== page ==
Should you capture a req point instead of a power node? Almost certainly not. Should you just capture the req points near you and leave it at that? No to that too. Use every advantage you can because you might just need it.
Floating is when you have excess resources kicking around that are unspent. You should avoid this; you should be spending your resources as soon as you get them. This doesn't mean you should spend it on anything as soon as you've got it just to get rid of it, it's fine to save up for the more expensive things, but unspent money => less troops/less tech => weaker force overall => you falling behind. So spend that crap as soon as you have enough to buy what it is you want, and if you can't think of what to spend it on or what to save up for then just spend it on something!! Resources are useless on their own and are meant to be transformed into strength for your force (be it tech, troops or upgrades) - the sooner you convert it the better. Knowing your build order will help this a lot in the early phase.
A common issue is having an imbalance in requisition or power. Overflowing requisition in the early game is not unusual, and later on - if you're doing well - you can riding high on power. If you have too much requisition then you should start slamming down power gens. If you've done that already and you're waiting for enough power to buy a T2 unit then do some quick maths - can you squeeze out another basic req-only unit while waiting for those twenty power points to trickle in? Probably, so do it. With too much power kicking about then you probably need to buy more high-tech units and upgrades, perhaps you're focusing on low-grade infantry too much.
"What's the diagnosis, doctor?" - "Hmm, well nurse, it looks like he's got a bad case of......TEH FLOATZ!! Prognosis: not good."
Don't fall too far behind in tech. If you see your opponent is T2, then you need to be gettin' yo azz to T2 as well ASAP. In DOW1, the "something" which you spent your money when uncertain about troops was tech researches and upgrades; however, this isn't really the case in DOW2. A classic pitfall of the inexperienced player is that they want to have a sizeable force at all times, and so continually replenish their troops before teching up. This is usually a mistake. Even if you have just taken a beating and lost a fair few troops, if you can afford to it's usually best to tech up, though this is not always the case and it can take some judgement. You only have to tech up once, and when you do your whole army benefits (not necessarily directly, but they have better upgrades, more troop choice etc). Even if you're losing the skirmishes, don't get too far behind on tech otherwise you really will get mangled. Avoid having a series of mental checkpoints like "well, I need a decent army of two ranged units and two melee units before I tech up, and I need my commander too" that are outside of your build order because to some extent you should be planning when to go to T2 as part of it.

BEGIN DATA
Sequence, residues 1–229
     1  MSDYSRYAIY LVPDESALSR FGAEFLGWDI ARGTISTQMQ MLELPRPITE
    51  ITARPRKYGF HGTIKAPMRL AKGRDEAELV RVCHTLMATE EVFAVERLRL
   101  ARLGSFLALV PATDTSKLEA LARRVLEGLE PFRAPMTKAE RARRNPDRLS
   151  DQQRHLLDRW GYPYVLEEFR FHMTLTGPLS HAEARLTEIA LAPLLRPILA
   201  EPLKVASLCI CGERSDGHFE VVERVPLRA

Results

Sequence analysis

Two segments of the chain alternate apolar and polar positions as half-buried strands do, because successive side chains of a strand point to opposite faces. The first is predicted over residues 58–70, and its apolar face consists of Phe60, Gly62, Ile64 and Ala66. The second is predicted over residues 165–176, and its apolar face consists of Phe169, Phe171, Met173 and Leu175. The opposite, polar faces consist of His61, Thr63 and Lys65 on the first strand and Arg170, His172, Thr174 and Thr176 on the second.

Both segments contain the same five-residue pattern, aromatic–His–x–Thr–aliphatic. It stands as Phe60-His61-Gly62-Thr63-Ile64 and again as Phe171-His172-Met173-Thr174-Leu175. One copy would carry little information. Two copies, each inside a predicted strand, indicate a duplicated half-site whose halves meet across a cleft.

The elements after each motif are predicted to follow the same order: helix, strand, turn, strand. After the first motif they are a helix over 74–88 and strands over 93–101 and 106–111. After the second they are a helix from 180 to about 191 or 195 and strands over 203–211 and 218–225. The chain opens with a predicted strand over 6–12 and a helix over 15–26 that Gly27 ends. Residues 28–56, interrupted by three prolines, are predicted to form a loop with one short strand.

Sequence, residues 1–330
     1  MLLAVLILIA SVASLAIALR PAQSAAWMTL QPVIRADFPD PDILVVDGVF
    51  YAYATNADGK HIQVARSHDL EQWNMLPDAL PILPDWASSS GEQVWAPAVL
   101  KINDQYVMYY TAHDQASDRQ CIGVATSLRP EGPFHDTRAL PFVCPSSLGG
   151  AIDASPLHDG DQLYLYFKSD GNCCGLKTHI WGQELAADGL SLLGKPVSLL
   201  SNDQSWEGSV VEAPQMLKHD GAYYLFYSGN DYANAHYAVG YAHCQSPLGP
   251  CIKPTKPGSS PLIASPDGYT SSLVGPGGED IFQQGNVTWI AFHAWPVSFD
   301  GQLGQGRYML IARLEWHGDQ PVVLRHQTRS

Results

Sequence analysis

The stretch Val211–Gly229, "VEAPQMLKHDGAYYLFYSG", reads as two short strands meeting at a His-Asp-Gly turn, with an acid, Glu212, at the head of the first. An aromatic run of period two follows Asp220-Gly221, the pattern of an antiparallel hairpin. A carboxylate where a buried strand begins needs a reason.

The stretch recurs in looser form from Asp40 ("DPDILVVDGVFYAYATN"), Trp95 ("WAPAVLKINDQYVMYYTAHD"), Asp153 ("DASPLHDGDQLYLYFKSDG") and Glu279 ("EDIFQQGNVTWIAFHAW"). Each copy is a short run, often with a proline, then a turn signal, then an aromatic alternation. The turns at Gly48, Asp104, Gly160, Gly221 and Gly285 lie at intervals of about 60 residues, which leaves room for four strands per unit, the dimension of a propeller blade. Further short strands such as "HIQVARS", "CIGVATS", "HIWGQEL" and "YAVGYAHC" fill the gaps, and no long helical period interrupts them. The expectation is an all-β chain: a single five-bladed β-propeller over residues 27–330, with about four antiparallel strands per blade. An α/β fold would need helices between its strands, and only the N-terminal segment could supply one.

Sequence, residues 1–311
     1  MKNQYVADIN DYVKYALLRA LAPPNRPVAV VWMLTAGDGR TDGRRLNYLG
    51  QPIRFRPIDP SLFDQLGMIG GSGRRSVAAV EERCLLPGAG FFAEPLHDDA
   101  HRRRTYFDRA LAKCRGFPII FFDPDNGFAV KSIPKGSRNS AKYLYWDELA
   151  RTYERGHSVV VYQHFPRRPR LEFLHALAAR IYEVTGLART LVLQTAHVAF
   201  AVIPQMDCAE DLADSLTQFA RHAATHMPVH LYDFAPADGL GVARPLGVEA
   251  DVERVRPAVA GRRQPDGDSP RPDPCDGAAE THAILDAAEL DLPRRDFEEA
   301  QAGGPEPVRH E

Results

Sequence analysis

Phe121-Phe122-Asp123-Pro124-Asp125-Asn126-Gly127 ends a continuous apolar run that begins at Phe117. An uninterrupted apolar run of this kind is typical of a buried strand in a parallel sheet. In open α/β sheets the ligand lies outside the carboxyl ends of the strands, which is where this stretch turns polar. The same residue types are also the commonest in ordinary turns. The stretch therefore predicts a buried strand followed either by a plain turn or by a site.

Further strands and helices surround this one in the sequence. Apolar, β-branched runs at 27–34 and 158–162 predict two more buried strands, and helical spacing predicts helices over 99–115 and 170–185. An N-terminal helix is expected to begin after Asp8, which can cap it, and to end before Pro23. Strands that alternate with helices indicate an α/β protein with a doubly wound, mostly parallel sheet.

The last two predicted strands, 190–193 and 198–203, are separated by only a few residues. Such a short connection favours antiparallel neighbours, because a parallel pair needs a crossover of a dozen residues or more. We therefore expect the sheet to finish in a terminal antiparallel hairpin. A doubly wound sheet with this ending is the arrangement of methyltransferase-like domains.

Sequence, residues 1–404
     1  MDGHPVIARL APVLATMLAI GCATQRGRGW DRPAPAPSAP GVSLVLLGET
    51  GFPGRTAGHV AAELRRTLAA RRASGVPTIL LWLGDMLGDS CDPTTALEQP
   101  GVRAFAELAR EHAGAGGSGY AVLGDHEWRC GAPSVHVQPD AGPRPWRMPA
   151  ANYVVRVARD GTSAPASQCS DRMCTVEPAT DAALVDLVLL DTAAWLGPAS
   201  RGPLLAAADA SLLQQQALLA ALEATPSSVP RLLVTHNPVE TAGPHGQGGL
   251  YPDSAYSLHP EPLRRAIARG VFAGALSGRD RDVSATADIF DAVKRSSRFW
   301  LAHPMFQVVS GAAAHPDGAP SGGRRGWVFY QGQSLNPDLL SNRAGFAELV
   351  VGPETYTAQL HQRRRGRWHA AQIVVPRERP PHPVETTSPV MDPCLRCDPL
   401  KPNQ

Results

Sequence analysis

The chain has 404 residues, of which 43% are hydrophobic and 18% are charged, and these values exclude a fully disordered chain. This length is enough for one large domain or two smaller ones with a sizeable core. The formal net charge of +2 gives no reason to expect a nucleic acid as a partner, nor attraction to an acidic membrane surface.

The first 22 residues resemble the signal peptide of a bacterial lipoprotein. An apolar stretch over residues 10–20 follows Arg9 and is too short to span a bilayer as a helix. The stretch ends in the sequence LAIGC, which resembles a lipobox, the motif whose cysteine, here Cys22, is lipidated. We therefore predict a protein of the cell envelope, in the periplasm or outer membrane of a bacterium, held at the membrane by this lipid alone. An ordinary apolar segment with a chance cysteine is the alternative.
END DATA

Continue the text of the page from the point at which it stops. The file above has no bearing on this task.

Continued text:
Be aware of what costs power in T1 and consider the effect spending power will have on your teching. If you keep buying things that cost power you'll never make it to T2 and you'll get walloped, so weigh them up carefully. Keep an eye on the rates of income too: You may have 300 requisition and 75 power, but instead of simply waiting for that extra 50 power there's a good chance (at the stage in the game) that you can spend that requisition on troops (but not the power), and by the time you've got 125 power you're back at 300 requisition. The race to T2 has certainly slowed down somewhat since the 1.5 patch. Now T1 is much longer than before and it's advisable to go into T2 strong rather than rushing there as fast as you can. The same guidelines apply though, it's just the timing is now longer. The main point is to be proactive with teching.